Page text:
Right fielder Bryce Harper sports a scar above his left eye courtesy of last week’s dugout mishap with a bat. Harper is 0 for 3 with a walk Thursday to drop his average to .227. (Haraz N. Ghanbari/Associated Press)

Perhaps it was a misplaced sense of nostalgia that led the Washington Nationals to conjure up an uninspired loss on the eve of their interleague showdown with the rival Baltimore Orioles. Throughout their brief history in the District, the Nationals have typically either been mired in a losing streak as the twice-yearly Battle of the Beltways rolled around, or about to start one.

Things are surely different this year — in Washington and, for that matter, Baltimore — but if all the evidence you had was the Nationals’ 5-3 loss to the Pittsburgh Pirates in front of 25,757 Thursday night at Nationals Park, you could never hope to appreciate what is at stake this weekend.

No-hit for five innings by Pirates right-hander James McDonald, shaken down for two more homers by certified Nats-killer Andrew McCutchen and witnesses to Jordan Zimmermann’s first non-quality start of the season, the Nationals also suffered the indignity of falling out of first place — thus depriving the Battle of the Beltways, which begins Friday night, of its first-ever matchup of first-place teams.

With a chance for a two-game mini-sweep of the Pirates, the Nationals instead matched a season high with 14 strikeouts (11 at the hands of the unheralded McDonald) and watched as their season-long security blanket — a starting rotation that ranks as the best in baseball by ERA — failed to bail them out.

Handcuffed by McDonald’s deceptive curveball in the game’s first half, the Nationals ignited their Natitude just once all night, in the bottom of the sixth, when they finally chased McDonald with four hits, including Ryan Zimmerman’s two-out, two-run single, followed by Adam LaRoche’s RBI triple, drawing them to within one run at that point. But the Pirates’ bullpen held the Nationals back, giving Pittsburgh a 3-2 edge in the now-completed season series between the teams.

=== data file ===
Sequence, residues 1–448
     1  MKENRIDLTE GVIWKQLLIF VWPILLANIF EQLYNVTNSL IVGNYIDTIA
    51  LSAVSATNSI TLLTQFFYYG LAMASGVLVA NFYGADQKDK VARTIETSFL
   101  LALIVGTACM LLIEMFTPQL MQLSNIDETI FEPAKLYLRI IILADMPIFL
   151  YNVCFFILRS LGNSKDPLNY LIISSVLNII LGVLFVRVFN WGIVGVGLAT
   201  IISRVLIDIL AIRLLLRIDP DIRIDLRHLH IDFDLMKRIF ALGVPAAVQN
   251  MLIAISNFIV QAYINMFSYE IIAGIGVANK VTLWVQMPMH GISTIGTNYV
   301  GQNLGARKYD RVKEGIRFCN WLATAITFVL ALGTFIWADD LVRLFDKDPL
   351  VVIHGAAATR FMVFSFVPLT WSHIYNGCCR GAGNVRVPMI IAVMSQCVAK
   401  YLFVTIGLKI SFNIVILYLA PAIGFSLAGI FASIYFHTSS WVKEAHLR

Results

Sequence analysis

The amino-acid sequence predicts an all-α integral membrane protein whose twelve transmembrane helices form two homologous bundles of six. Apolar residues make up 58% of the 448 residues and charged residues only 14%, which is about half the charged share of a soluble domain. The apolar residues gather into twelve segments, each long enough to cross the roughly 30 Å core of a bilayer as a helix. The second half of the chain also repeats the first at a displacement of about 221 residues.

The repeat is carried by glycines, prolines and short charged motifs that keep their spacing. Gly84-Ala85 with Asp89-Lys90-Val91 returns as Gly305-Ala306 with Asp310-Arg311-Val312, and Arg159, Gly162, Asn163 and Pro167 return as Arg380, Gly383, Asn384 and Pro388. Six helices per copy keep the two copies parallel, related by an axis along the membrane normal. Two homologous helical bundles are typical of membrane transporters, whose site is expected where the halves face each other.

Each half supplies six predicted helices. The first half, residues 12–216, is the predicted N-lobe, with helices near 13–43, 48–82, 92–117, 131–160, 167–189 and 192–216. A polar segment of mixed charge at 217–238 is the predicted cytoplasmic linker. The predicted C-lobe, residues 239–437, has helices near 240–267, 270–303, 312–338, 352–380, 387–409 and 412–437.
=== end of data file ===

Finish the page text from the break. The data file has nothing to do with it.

“He had the curve working,” LaRoche said of McDonald (3-2). “When a guy throws 95 [mph], you can’t sit strictly [on] off-speed, so he had that in his back pocket. There’s some deception in his delivery that makes that curveball look really good.”

The Nationals’ hold on first place — a tenuous half-game at the start of the day — perished at the business end of McCutchen’s bat and McDonald’s arm.

McCutchen is one of the best young hitters in baseball, but against the Nationals he is transformed into nothing short of Willie Mays. His two homers off Zimmermann — one into the Nationals’ bullpen in right, the other clear over the Pirates’ bullpen in left — were his ninth and 10th in just 23 career games against the Nationals. And he narrowly missed an 11th in the third inning, when he launched a towering drive to left that stayed just foul.

“We certainly hadn’t figured out how to pitch him,” Manager Davey Johnson said of McCutchen. “He looks awful comfortable in there.”

Far from the efficient, strike-throwing machine Nationals fans have come to know, Zimmermann was sloppy with his four-seamer and needed 107 pitches to slog through his six innings. The most damaging of those pitches was the 0-1 fastball that Pirates catcher Rod Barajas slammed to left for a two-run homer in the fourth.

“That’s the worst I’ve seen him with his command early in the ballgame,” Johnson said of Zimmermann, who fell to 2-4 after a six-inning, seven-hit, four-earned-run outing. “It wasn’t a typical Zim outing. His location was off. He was all over the place.”

“I didn’t feel good at all,” Zimmermann said. “My breaking stuff was good, but when you can’t locate your fastball, you’re going to be in trouble.”

If McCutchen is Willie Mays against the Nationals — he even added a running, juggling, wall-crashing catch of a LaRoche smash in the fifth — McDonald, for five innings, was Cy Young.

Making his first career start against Washington, McDonald struck out seven of the first eight Nationals hitters of the game — including six straight at one point — leading the crowd to cheer sarcastically when Zimmermann, the opposing pitcher, managed to lift a weak flyball to shallow center and thus allow them all to put something other than a K on their scorecards.

“Every now and then,” Ryan Zimmerman said of McDonald, “there’s a guy who gets hot and has a good out-pitch like he did tonight.”

And though the Nationals had ample chances late in the game to reverse the outcome — they stranded six base runners in the game’s final four frames — they remained one big hit shy.

Despite the Nationals’ untimely loss, the Battle of the Beltways has never seen a matchup like the one set for this weekend. The Orioles are 25-14 and holding down first place in the AL East, while the Nationals are 23-15 and now trail the first-place Atlanta Braves by a half-game. Until now, the Nationals and Orioles had never met when both teams were above .500.

Whether or not Orioles vs. Nationals ever becomes a true rivalry, it never had a chance at all until both teams came into it with something tangible to play for — a threshold that finally has been reached.